Winning is what defines a sports team

 Ian Whitten of Exeter Chiefs is tackled by George Furbank of Northampton Saints during the Gallaghe

Ian Whitten of Exeter Chiefs is tackled by George Furbank of Northampton Saints during the Gallagher Premiership Match between Exeter Chiefs and Northampton Saints at Sandy Park on 25 September 2021. Photo: Tom Sandberg/PPAUK - Credit: Tom Sandberg/PPAUK

After a great win on the weekend from the men in green, it got me thinking about what winning means to me and or the winning mentality.  

It has been a slow start for Sidmouth 1st team in terms of league table points, not in terms of performances, which as a coach is what I want to see, but without a victory it was stressing me out. 

Everyone I know loves the feeling of winning, whether it's as an individual, or part of a team. It brings smiles to faces and a pats on the back, something that in team sport is essential yet at the same time tempered.  

For example, if someone were to make a turnover tackle or the scrum wins a penalty, you will see the rest of the team celebrate within that moment, they won’t still be celebrating the action five minutes down the line, the team will have already moved on to the next job.  

The same applies with games from week to week, you celebrate the victories and deal with the losses but when you are next together, you move on to the next challenge. 

Winning is a huge part of an athlete’s mentality for sure and in golf you will see this in spades, individuals born to win. There are not many of the elite golfers in the world who settle for second place.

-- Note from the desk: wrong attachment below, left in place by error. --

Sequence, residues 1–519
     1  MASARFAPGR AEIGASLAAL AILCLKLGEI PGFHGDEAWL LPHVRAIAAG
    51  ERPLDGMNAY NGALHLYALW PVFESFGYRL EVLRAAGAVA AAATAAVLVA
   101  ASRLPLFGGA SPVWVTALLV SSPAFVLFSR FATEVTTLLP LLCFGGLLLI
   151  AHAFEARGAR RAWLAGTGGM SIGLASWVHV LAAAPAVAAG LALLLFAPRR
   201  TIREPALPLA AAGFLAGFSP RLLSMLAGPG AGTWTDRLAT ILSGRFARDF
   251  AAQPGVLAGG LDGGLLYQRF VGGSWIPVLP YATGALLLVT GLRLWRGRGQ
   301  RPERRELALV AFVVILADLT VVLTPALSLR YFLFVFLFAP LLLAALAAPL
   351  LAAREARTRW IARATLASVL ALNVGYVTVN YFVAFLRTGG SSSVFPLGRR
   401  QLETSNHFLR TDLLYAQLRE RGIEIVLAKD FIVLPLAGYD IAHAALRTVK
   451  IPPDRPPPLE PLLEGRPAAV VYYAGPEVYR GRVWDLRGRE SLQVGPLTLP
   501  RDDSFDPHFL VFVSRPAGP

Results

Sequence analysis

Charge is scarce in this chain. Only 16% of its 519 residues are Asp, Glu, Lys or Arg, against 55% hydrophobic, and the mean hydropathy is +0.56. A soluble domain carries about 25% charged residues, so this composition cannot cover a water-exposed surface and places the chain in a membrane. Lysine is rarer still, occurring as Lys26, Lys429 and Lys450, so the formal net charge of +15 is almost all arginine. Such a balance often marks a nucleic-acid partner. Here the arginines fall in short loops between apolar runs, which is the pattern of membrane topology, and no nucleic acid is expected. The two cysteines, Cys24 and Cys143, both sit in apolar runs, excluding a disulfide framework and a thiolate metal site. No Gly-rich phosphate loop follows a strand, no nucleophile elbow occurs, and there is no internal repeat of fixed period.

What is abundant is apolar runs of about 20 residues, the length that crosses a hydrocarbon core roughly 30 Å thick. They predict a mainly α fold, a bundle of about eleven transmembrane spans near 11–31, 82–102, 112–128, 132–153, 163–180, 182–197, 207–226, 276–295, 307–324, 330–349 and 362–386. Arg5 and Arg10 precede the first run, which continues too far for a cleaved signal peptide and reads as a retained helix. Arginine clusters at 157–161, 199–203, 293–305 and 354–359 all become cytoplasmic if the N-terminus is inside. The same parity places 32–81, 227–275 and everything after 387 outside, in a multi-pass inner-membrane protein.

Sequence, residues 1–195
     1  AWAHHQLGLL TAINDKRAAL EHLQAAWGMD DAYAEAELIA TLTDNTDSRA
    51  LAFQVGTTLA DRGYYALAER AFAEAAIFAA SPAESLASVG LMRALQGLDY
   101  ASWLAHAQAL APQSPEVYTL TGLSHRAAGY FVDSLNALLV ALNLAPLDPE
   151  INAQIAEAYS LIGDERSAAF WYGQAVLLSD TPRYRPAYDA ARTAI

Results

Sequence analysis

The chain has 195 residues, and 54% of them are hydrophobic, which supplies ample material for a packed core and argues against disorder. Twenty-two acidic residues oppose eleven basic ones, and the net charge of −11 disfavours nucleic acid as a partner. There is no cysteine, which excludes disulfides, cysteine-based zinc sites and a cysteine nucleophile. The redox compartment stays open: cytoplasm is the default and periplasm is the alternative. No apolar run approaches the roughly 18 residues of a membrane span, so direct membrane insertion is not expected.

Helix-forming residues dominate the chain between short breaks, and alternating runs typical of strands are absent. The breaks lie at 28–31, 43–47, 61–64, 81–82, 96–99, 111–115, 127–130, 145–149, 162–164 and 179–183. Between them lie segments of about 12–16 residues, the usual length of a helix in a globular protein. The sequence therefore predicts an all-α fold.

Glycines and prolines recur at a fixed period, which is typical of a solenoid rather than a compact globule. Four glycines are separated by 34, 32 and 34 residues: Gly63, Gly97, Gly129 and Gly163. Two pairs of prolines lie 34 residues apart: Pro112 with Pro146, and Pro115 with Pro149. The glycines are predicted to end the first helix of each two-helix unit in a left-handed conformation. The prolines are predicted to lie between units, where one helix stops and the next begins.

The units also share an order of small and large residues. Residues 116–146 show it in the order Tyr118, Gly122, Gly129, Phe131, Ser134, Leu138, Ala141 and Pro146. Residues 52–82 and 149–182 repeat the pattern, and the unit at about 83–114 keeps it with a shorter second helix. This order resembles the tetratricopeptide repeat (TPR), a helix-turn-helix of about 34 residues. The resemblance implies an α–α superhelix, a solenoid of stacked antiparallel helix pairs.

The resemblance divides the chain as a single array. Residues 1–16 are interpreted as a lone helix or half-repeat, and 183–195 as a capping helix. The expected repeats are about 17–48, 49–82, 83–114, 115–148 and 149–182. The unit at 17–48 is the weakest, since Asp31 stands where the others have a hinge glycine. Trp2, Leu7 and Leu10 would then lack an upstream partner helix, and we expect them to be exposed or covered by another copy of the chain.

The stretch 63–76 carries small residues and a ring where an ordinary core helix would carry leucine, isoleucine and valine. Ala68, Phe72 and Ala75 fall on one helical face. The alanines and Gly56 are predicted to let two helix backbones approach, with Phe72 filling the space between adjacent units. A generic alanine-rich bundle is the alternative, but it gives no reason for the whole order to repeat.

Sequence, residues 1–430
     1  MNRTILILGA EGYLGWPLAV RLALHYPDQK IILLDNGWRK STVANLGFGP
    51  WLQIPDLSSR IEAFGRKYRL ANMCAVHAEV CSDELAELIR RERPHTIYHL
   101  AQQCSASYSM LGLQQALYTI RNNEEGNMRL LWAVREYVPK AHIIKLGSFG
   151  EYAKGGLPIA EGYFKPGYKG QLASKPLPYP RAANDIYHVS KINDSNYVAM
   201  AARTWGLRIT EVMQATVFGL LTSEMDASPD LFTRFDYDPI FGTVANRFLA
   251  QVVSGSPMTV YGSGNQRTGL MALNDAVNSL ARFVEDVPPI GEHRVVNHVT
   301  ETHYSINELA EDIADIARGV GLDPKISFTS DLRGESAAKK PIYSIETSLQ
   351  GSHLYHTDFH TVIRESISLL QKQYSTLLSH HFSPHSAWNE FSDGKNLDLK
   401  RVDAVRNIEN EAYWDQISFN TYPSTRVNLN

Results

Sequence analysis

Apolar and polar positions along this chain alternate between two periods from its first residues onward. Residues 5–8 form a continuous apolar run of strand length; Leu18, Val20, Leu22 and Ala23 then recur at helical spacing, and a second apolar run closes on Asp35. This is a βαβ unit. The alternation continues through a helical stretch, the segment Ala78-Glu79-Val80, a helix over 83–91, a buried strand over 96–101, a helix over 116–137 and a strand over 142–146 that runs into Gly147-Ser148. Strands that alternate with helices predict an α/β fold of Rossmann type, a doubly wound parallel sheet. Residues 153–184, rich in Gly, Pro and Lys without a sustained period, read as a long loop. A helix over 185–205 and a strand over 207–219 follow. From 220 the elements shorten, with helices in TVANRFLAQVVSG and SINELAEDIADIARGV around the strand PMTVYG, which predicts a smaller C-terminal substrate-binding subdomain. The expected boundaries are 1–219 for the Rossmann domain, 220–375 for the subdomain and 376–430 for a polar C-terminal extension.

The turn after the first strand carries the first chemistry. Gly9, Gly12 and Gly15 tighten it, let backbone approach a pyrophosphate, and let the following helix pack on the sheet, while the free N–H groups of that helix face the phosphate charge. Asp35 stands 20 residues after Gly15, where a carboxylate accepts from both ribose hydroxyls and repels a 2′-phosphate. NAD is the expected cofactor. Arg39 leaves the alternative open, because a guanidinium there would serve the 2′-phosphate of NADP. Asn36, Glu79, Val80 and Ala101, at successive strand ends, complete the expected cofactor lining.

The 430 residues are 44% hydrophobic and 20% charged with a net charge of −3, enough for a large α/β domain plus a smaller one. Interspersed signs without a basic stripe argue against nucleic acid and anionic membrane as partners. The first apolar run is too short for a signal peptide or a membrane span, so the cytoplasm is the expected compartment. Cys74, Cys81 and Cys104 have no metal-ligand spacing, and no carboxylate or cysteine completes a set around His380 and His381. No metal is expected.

The winning American Ryder Cup team over the weekend had 8 of the top 10 golfers in the world on board, a recipe for success. When Rory McIlroy spoke to the cameras after his last round knowing he had not quite lived up the expectation, you see what winning means for a born winner, the emotion he showed to be part of a team that isn’t winning tells me a lot about his character and mindset. 

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Confidence and belief are key traits to work on and develop when thinking about achieving or winning. Obviously, getting wins are hugely helpful for an individuals/teams belief and confidence yet setting goals are also key to help focus and ultimately achieve.  

We haven’t spent enough time setting these and being clear on what we are trying achieve at Sidmouth this year, so we will be this week at training, hopefully getting some great input from the players and gaining some real clarity after a long time away from league table rugby. 

Having been involved in sport for such a long time, from a young child, winning is almost ingrained in me. Although, I believe this attitude can differ from person to person, I find it hard to believe that someone doesn’t enjoy being successful in some shape or form.  

Watching my youngest take part in her first rugby session, I know she would love to win or score tries, yet at her stage of playing sport enjoyment has to be the main aim, with a smile on her face. 

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